Investment Fund Review

Inflation Protection Fund

Fund February Year-to-Date
Inflation Protection Fund -2.3% -2.8%
Barclays Capital Inflation Linked Index -1.9% -1.1%
Difference -0.4% -1.7%
  • The Inflation Protection Fund underperformed its benchmark in February, primarily as a result of the fund’s diversification into inflation-based strategies other than U.S. Treasury Inflation Protected Securities, specifically a 7% allocation to commodities. The Dow Jones AIG-Commodity Index fell 4.4% in February. The fund’s investment in international and emerging market inflation-linked securities also contributed to underperformance as the U.S. dollar strengthened compared to most other countries’ currencies.
  • For the year, the fund is significantly underperforming its benchmark for the same reasons cited above. The fund’s commodities investments have declined nearly 11% since the beginning of the year. The fund’s investments in inflation-linked bonds from emerging markets have declined 3.8%. Despite this very disappointing performance, the General Board continues to adhere to its philosophy of building broadly diversified funds and believes that such a strategy will prove to benefit its participants in the long term.

Domestic Bond Fund

Fund February Year-to-Date
Domestic Bond Fund -1.4% -1.7%
Barclays Capital U.S. Universal (ex MBS) Index -1.1% -2.1%
Difference -0.3% +0.4%
  • The Domestic Bond Fund declined 1.4% in February, although with varied performance across the different sectors. Longer-term (greater than one year) U.S. Treasury interest rates reversed direction and increased during the month, due to possible concerns that U.S. debt will grow to unprecedented levels as a result of the government’s massive stimulus efforts. Spreads widened on credit and high-yield debt, reversing trends of the previous month. Benchmark-relative performance was impaired by the fund’s lower-than-benchmark exposure to high-quality U.S. Treasury securities.
  • For the year, the fund remains modestly ahead of its benchmark. Sectors that have outperformed the fund’s benchmark, the Barclay’s U.S. Universal index (excluding mortgage-back securities), include higher-risk debt, as historically high-spread differentials tightened relative to Treasury securities. International bonds have underperformed as a result of dollar strength and the fund’s holdings of positive social purpose investments supporting affordable housing and community development projects. Despite sector underperformance in some cases, several managers outperformed their respective benchmarks, including the fund’s high-yield debt, global bond and emerging debt managers.

Domestic Stock Fund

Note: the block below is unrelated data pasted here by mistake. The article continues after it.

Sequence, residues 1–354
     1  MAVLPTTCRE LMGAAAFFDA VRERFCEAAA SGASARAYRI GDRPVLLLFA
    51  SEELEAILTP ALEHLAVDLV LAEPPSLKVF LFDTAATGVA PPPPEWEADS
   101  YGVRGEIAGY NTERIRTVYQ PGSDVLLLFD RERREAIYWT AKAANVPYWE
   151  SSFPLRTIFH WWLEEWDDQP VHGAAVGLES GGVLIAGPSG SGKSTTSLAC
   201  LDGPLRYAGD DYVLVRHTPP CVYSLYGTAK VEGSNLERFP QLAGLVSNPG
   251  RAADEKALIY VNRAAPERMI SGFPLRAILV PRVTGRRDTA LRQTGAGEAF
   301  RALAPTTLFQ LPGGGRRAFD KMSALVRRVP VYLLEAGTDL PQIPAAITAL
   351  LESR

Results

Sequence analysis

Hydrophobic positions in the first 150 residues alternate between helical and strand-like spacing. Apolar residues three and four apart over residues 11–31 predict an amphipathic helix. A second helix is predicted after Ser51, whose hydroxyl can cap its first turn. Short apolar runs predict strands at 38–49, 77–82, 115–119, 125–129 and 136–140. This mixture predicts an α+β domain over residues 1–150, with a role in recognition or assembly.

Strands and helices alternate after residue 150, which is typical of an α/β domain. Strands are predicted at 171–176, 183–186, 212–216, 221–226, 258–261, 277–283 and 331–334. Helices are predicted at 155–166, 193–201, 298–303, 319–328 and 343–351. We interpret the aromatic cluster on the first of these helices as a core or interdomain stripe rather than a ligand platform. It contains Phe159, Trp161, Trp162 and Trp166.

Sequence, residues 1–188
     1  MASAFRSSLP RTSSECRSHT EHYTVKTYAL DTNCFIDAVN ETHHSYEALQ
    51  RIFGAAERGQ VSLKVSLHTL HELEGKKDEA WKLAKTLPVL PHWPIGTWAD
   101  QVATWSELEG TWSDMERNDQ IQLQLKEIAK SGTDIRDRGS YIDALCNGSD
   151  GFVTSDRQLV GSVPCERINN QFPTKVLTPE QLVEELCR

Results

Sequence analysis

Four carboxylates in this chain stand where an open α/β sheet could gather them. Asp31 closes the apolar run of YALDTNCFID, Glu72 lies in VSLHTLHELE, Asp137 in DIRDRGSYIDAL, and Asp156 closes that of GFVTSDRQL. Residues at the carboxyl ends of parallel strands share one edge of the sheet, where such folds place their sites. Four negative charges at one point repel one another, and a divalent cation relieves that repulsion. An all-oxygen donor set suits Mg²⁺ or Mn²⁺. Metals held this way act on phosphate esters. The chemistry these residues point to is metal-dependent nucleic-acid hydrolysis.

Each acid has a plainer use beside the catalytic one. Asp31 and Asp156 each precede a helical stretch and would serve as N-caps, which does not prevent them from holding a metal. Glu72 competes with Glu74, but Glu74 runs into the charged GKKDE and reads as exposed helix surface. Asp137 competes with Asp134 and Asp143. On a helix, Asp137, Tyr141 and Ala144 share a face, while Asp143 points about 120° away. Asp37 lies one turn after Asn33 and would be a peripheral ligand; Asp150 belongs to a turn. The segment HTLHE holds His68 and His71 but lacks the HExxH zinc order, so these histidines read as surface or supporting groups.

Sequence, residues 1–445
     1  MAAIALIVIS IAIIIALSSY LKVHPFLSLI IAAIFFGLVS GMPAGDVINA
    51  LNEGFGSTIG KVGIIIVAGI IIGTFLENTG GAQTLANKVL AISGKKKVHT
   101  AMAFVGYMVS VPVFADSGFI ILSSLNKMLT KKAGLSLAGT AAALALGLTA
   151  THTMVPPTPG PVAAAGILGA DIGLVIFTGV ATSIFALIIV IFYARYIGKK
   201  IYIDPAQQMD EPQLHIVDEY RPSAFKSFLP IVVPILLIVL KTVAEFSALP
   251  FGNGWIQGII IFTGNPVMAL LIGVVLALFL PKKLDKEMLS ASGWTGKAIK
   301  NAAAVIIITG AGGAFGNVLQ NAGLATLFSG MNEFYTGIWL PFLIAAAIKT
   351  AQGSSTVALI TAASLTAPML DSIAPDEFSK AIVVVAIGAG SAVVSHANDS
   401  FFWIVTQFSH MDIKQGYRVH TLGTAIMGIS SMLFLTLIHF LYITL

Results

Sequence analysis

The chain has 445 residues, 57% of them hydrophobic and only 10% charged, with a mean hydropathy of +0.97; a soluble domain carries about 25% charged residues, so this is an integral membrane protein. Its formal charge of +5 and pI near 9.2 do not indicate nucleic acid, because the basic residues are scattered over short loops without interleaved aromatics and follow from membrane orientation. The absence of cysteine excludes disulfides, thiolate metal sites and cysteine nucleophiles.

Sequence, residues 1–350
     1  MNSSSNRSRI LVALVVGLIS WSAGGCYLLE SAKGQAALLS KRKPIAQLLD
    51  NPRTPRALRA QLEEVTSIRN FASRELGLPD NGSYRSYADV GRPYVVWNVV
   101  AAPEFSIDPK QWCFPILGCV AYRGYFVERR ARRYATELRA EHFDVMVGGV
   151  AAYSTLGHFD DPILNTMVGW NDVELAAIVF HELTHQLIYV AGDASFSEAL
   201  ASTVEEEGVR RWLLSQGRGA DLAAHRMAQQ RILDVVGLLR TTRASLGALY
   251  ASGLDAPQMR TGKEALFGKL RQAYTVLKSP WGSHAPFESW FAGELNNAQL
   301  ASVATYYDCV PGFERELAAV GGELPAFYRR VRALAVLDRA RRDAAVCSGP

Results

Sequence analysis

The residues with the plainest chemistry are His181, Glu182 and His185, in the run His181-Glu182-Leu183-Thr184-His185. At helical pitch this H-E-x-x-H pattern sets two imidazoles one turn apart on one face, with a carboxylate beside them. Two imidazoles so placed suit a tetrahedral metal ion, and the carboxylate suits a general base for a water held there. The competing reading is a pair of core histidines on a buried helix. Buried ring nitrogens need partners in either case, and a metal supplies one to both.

Fund February Year-to-Date
Domestic Stock Fund -7.7% -15.0%
Russell 3000 -10.5% -18.0%
Difference +2.8% +3.0%
  • The Domestic Stock Fund declined significantly in February, but meaningfully outperformed its benchmark, primarily as a result of outperformance by several of the fund’s active managers and positive contributions from the fund’s private real estate and private equity investments.
  • For the year, the Domestic Stock Fund has lost 15% of its value. However, 12 of the fund’s 15 active managers are ahead of their respective benchmarks, with eight managers surpassing their respective benchmarks by three percentage points.

International Stock Fund

Fund February Year-to-Date
International Stock Fund -7.9% -15.8%
MSCI ACWI x US -9.2% -17.0%
Difference +1.3% +1.2%
  • The International Stock Fund also fell significantly in the month, but managed to outperform its benchmark by 1.3%. This outperformance was due to a less severe decline in stocks of companies from developing (emerging) countries compared to the performance from stocks from developed countries and benchmark outperformance by all of the fund’s active managers.
  • For the year, the fund has lost almost 16% of its value, but has outperformed its benchmark. All but one active manger are outperforming their respective benchmarks. Two managers, one in and one in developed markets, have each outperformed their respective benchmarks by three percentage points for the first two months of 2009.

Multiple Asset Fund

Fund February Year-to-Date
Multiple Asset Fund -5.3% -10.0%
Composite Benchmark -7.1% -12.4%
Difference +1.8% +2.4%
  • For the month, the fund outperformed its benchmark, due to outperformance in the Domestic and International Stock Funds.
  • For the year, the fund remains ahead of its benchmark, due to the strong relative performance of the Domestic Stock Fund, International Stock Fund and Domestic Bond Fund.

Balanced Social Values Plus Fund

Fund February Year-to-Date
Balanced Social Values Plus Fund -6.6% -10.1%
Composite Benchmark -5.7% -10.5%
Difference -0.9% +0.4%